A survey of 1,200 in-patients has highlighted problems with emergency department conditions and waiting times.

The survey also highlighted issues with a lack of information about hospital routines and tests, medication side effects and aftercare following discharge.

The 2011 National Acute Inpatient Study for the Irish Society for Quality & Safety in Healthcare (ISQSH) shows that 65% of respondents were unaware of the complaints procedure in the hospital.

It found that 18% wanted to make a complaint but over a third of those did not do so, with many feeling they did not have the opportunity.

The Society said this means that based on 350,000 patients discharged in 2011, around 63,000 wanted to discuss an area of dissatisfaction and a third of these may never have had the opportunity.

Of those who underwent a procedure, 52% said the doctor marked the site for surgery in advance.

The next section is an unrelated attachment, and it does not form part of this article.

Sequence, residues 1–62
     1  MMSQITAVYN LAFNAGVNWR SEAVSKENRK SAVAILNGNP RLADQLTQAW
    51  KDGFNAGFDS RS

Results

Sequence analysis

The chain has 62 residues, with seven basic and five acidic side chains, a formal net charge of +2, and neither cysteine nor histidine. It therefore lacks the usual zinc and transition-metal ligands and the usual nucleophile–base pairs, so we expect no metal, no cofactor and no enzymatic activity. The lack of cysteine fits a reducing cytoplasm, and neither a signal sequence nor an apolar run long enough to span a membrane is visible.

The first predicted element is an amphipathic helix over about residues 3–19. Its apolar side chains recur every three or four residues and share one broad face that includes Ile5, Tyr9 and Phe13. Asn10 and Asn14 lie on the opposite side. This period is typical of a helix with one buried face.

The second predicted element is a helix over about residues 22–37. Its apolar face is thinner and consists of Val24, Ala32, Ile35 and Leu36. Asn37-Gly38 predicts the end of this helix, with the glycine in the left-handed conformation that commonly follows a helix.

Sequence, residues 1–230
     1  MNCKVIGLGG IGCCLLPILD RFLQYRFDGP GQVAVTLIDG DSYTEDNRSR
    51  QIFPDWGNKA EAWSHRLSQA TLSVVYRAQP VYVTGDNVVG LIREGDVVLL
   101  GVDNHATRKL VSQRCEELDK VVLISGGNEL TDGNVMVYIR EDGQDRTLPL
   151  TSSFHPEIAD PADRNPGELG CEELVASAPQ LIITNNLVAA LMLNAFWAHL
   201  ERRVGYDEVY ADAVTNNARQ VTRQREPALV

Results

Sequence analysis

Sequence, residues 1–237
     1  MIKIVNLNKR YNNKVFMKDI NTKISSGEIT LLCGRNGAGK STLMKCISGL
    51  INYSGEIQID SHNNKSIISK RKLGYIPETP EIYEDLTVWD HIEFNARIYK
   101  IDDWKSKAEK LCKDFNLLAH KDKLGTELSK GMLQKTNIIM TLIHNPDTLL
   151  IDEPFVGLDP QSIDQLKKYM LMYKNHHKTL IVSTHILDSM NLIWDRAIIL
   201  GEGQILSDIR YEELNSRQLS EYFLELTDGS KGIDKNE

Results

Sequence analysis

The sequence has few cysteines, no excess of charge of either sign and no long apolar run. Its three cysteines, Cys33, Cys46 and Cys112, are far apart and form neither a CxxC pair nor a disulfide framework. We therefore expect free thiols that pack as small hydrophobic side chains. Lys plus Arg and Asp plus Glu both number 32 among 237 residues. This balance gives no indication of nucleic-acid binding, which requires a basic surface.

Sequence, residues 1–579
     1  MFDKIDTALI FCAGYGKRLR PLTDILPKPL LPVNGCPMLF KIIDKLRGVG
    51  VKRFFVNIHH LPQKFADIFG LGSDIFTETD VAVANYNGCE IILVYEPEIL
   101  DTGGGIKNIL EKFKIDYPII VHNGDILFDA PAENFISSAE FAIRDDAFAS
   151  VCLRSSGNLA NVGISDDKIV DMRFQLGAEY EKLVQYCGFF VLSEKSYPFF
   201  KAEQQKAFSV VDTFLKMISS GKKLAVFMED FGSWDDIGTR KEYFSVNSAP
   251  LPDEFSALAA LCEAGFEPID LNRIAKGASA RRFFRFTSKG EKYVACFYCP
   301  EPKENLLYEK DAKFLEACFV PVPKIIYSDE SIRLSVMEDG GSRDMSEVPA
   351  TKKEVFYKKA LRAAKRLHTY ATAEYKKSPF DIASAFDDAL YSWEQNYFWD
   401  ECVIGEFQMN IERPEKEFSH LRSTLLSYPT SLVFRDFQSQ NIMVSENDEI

The survey also showed that 93% of patients reported satisfaction with the service they received and 96% felt they were treated with dignity and respect.

A second survey on Compassion in Healthcare reveals that over one in three people believe the Irish system does not provide a compassionate service.

Most people expressed concern that the increased emphasis on controlling costs will decrease compassion in healthcare professionals.

The compassion survey was conducted last year and involved 236 past patients.

ISQSH chief executive Dr Hilary Dunne said this may be the last independent survey of patient experiences in Ireland as the Health Service Executive has terminated its research grant, leaving further patient experience surveys to be conducted by the Government and related bodies such as the HSE.

ISQSH said it has not been offered an opportunity to meet with Minister for Health James Reilly to discuss its call for the research grant to be reinstated.

Asked about the issue and the decision of the HSE to also cease funding the Irish Patients' Association, Mr Reilly thanked the organisations for their “sterling work to date”.

He said he was exploring new ways of more effective patient representation, including having patient champions in hospitals.

Mr Reilly was speaking at the 3rd National Patient Safety Conference in Dublin.